2) Microcontroller Programming................................................................67
3) Hardware Implementation....................................................................... 70
4) Digital ID C ode......................................................................................... 71
C. Measured Data for RF Subsection................................................................ 73
1) Circular Patch Antenna............................................................................73
2) PIN Diode Modulation Circuit Performance........................................77
3) Tag Free-Space Performance.................................................................. 78
D. Conclusions..................................................................................................... 82
V.
MICROSTRIP DIPLEXERS................................................................................. 83
A. What is a D iplexer?........................................................................................83
B. Two Channel / Two Frequency Band stop D iplexer................................84
C. Two Channel / Four Frequency Parallel-Coupled Band Pass Diplexer.. 86
D. Two Channel / Four Frequency Cymbal Band Pass/LPF D iplexer........88
E. Two Channel / Four Frequency Periodic Structure Diplexers................91
VI.
CONCLUSIONS................................................................................................... 102
REFERENCES........................................................................................................................ 103
APPENDIX 1........................................................................................................................... 108
APPENDIX 0 .......................................................................................................................... 115
APPENDIX IB......................................................................................................................... 122
APPENDIX IV ........................................................................................................................133
APPENDIX V ......................................................................................................................... 135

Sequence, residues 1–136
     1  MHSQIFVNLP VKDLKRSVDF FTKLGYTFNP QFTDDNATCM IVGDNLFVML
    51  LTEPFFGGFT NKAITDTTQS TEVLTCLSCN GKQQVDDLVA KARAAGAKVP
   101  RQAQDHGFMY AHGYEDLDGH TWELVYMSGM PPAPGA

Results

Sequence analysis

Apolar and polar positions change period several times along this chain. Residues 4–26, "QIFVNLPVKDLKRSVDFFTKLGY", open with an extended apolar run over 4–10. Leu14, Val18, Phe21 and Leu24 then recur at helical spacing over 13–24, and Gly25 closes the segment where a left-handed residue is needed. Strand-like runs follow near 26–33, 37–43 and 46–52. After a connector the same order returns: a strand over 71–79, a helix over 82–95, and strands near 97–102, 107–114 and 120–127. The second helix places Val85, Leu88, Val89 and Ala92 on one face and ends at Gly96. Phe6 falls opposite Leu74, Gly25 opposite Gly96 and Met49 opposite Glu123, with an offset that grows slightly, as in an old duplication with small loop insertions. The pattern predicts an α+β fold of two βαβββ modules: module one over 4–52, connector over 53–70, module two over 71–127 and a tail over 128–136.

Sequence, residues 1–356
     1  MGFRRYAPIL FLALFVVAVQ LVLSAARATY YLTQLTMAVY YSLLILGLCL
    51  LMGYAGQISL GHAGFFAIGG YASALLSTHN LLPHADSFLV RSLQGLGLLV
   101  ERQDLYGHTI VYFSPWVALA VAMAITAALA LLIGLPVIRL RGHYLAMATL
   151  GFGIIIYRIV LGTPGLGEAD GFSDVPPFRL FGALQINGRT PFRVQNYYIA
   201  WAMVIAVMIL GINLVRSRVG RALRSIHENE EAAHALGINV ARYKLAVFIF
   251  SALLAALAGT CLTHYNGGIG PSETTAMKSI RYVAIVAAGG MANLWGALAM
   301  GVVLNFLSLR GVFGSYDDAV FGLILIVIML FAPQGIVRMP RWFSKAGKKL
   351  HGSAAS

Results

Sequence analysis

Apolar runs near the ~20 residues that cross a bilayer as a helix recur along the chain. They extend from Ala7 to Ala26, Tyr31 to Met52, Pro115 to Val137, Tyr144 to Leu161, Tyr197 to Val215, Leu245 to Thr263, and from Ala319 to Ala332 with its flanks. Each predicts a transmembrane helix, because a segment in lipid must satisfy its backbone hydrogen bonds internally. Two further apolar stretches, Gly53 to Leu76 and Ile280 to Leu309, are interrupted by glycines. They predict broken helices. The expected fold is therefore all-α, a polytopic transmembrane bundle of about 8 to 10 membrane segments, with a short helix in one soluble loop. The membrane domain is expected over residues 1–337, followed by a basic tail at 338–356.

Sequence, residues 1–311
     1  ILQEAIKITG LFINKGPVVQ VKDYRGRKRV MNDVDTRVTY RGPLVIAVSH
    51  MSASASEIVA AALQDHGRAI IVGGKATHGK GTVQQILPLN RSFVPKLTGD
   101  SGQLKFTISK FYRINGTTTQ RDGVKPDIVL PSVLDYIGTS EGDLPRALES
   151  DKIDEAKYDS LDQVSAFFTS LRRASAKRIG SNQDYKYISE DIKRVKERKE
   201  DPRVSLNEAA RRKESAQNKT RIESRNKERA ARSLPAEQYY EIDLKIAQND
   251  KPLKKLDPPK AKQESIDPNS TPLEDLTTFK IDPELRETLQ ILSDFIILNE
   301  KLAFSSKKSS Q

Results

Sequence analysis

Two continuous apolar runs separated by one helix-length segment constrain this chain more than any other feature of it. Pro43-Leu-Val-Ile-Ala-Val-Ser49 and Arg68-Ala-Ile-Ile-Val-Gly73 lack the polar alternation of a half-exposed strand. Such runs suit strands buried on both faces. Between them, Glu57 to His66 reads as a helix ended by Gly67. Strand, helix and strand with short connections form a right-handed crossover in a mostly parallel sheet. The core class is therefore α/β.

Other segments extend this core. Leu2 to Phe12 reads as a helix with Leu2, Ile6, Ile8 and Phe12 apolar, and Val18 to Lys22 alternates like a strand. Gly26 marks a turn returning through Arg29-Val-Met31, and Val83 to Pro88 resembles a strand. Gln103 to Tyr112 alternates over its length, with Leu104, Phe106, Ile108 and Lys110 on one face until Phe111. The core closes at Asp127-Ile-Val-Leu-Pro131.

APPENDIX V I........................................................................................................................ 137
APPENDIX V n .......................................................................................................................142
REFERENCES........................................................................................................................147
Reproduced with permission of the copyright owner. Further reproduction prohibited without permission.
ix
V IT A ........................................................................................................................................ 148
Reproduced with permission of the copyright owner. Further reproduction prohibited without permission.
X
LIST OF FIGURES
FIGURE
Page
1.
Rectenna block diagram and spatial orientation.......................................................7
2.
Half-wave rectifier circuit and waveforms...............................................................8
3.
Half-wave rectifier with capacitor circuit and waveforms.....................................9
4.
Diode IV curves with the incident fundamental and diode junction voltage
waveforms..................................................................................................................... 11
5.
Equivalent model for the rectifying circuit...............................................................12
6.
Calculated diode impedance versus load resistance forVD = 3.5 V...................... 18
7.
Calculated diode impedance versus diode voltage for R l = 250 Q .....................19
8.
Coplanar stripline (CPS) structure (2-D)..................................................................20
9.
IE3D simulated input impedance o f the DRLA located 11 mm above a
reflecting plane.............................................................................................................22
10.
CPS BRF layout and dimensions (in mm)............................................................... 24
11.
IE3D simulated CPS BRF S-parameters.................................................................. 25
12.
Measured back-to-back 50 £2 microstrip to 172 Q CPS balun Sparameters....................................................................................................................27
13.
Rectenna pattern and gain measurement circuit layout. (All dimensions in
m m )............................................................................................................................. 28
14.
Measured and IE3D simulated return loss o f the pattern and gain
measurement circuit................................................................................................... 29